Background/hypothesis Shoulder pain in elite swimmers is common, and its pathogenesis is uncertain.
Hypothesis/study design The authors used a crosssectional study design to test Jobe’s hypothesis that repetitive forceful swimming leads to shoulder laxity, which in turn leads to impingement pain.
Methods Eighty young elite swimmers (13–25 years of age) completed questionnaires on their swimming training, pain and shoulder function. They were given a standardised clinical shoulder examination, and tested for glenohumeral joint laxity using a non-invasive electronic laxometer. 52/80 swimmers also attended for shoulder MRI.
Results 73/80 (91%) swimmers reported shoulder pain. Most (84%) had a positive impingement sign, and 69% of those examined with MRI had supraspinatus tendinopathy. The impingement sign and MRIdetermined supraspinatus tendinopathy correlated strongly (rs=0.49, p<0.00001). Increased tendon thickness correlated with supraspinatus tendinopathy (rs=0.37, p<0.01). Laxity correlated weakly with impingement pain (rs=0.23, p<0.05) and was not associated with supraspinatus tendinopathy (rs=0.14, p=0.32). The number of hours swum/week (rs=0.39, p<0.005) and weekly mileage (rs=0.34, p=0.01) both correlated significantly with supraspinatus tendinopathy. Swimming stroke preference did not.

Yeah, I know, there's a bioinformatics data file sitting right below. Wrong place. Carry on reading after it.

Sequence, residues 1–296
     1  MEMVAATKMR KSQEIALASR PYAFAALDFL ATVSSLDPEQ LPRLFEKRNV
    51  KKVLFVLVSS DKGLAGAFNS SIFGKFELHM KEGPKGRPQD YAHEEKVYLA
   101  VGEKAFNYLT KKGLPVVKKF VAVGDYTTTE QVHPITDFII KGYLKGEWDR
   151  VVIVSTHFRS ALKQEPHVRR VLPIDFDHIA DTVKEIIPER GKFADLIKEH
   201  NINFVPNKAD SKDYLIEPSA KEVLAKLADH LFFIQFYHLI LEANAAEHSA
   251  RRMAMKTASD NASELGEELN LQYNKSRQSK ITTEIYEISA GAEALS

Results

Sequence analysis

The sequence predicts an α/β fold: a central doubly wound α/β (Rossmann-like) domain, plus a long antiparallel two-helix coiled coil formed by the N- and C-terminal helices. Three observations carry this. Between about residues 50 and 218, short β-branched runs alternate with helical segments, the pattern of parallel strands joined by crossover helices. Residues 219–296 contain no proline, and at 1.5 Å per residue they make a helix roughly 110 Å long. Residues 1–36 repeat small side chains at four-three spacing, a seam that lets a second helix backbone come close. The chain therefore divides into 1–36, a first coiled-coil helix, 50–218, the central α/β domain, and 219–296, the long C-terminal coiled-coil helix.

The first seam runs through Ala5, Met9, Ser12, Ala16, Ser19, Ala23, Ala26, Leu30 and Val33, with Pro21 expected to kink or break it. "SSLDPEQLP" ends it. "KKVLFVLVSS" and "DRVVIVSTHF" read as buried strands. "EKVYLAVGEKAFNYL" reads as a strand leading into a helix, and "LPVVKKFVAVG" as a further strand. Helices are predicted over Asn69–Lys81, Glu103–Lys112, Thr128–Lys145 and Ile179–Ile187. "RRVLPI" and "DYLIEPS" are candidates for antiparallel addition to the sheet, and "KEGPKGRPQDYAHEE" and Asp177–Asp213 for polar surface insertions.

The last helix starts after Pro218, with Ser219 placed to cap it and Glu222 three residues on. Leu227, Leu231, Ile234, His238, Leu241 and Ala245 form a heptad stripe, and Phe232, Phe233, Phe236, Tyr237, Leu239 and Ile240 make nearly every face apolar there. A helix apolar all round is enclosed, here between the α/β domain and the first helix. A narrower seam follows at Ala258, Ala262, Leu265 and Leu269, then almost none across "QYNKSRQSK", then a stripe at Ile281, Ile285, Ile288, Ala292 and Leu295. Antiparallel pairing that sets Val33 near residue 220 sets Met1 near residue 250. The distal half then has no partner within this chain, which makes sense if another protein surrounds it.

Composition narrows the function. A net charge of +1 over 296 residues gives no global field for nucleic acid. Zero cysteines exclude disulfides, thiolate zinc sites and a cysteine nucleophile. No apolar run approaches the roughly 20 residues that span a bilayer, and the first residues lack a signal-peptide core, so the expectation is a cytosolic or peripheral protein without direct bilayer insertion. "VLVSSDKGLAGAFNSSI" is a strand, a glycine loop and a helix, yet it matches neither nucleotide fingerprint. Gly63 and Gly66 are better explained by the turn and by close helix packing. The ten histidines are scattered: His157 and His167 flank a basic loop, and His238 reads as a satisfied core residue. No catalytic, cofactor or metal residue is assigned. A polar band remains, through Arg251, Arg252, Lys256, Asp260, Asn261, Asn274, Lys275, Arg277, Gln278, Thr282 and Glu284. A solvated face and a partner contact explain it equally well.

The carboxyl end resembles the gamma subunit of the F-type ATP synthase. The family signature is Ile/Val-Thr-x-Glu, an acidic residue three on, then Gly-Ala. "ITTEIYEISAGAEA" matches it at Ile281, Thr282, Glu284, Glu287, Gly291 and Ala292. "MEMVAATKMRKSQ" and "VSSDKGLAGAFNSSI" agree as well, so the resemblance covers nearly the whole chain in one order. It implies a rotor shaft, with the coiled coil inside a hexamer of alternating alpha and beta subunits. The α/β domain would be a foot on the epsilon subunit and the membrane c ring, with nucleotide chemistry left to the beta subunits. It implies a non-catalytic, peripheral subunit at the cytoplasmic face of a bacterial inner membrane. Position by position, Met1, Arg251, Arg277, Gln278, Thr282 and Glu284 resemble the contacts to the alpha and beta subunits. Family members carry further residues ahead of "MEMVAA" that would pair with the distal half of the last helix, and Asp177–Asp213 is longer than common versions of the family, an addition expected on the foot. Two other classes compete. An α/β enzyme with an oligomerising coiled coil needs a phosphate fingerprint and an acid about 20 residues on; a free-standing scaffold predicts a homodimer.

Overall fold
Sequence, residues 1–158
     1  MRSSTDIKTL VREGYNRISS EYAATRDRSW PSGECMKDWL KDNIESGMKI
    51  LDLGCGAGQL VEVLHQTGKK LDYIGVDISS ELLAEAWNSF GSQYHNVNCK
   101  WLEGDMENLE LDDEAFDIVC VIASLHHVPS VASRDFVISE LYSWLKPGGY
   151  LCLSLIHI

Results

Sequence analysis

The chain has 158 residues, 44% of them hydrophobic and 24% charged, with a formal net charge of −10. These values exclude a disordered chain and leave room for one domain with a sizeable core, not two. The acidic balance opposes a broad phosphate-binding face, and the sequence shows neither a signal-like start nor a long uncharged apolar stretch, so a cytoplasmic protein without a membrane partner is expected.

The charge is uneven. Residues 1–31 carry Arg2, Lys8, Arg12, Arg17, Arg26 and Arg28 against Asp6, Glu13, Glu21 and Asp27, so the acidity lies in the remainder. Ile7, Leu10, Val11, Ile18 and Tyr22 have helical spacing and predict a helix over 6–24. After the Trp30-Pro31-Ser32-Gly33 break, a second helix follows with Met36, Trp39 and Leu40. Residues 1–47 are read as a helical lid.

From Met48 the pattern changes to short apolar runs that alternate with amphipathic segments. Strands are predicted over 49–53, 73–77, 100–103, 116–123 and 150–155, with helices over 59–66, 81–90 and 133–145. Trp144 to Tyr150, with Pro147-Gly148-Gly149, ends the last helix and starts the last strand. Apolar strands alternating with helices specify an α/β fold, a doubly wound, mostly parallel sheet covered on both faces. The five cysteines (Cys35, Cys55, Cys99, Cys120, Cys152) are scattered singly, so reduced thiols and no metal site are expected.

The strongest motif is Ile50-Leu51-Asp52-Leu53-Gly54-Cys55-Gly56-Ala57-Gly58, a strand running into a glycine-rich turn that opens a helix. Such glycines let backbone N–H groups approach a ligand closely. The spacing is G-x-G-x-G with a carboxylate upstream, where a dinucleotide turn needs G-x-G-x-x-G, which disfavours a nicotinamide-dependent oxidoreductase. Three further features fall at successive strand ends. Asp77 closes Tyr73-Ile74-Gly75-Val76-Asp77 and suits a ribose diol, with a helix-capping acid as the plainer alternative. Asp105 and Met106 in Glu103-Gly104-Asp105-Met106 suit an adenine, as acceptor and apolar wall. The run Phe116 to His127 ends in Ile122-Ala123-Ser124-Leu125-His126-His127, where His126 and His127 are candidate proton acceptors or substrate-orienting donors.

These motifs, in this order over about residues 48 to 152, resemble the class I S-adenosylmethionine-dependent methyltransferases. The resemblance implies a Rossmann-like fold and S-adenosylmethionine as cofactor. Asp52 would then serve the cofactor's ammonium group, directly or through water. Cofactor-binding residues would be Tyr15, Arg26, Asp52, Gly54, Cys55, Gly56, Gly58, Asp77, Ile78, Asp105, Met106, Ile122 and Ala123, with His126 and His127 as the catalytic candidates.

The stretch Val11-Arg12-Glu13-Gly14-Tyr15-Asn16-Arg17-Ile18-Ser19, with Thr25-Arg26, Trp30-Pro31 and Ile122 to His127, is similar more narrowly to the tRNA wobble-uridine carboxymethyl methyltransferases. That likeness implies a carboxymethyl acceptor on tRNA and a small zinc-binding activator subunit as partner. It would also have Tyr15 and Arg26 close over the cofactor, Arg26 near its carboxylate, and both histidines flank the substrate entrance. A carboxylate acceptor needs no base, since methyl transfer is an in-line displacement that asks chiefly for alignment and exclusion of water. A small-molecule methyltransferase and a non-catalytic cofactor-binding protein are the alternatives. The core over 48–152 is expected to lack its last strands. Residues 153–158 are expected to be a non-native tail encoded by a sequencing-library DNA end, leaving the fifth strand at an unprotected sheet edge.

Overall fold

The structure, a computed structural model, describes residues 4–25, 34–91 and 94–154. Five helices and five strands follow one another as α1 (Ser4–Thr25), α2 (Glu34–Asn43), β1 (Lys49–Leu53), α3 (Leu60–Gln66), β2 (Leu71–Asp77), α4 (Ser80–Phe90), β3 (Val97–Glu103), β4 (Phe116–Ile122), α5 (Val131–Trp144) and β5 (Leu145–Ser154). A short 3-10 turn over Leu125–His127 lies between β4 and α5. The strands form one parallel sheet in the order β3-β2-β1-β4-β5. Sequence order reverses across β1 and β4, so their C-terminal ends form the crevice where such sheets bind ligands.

Conclusions These data indicate: (1) supraspinatus tendinopathy is the major cause of shoulder pain in elite swimmers; (2) this tendinopathy is induced by large amounts of swimming training; and (3) shoulder laxity per se has only a minimal association with shoulder impingement in elite swimmers. These findings are consistent with animal and tissue culture findings which support an alternate hypothesis: the intensity and duration of load to tendon fibres and cells cause tendinopathy, impingement and shoulder pain.
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Funding This work was internally funded by the South East Sydney and Illawara Area Health Service.
Patient consent Obtained
Ethics approval The South East Sydney and Illawara Area Health Service
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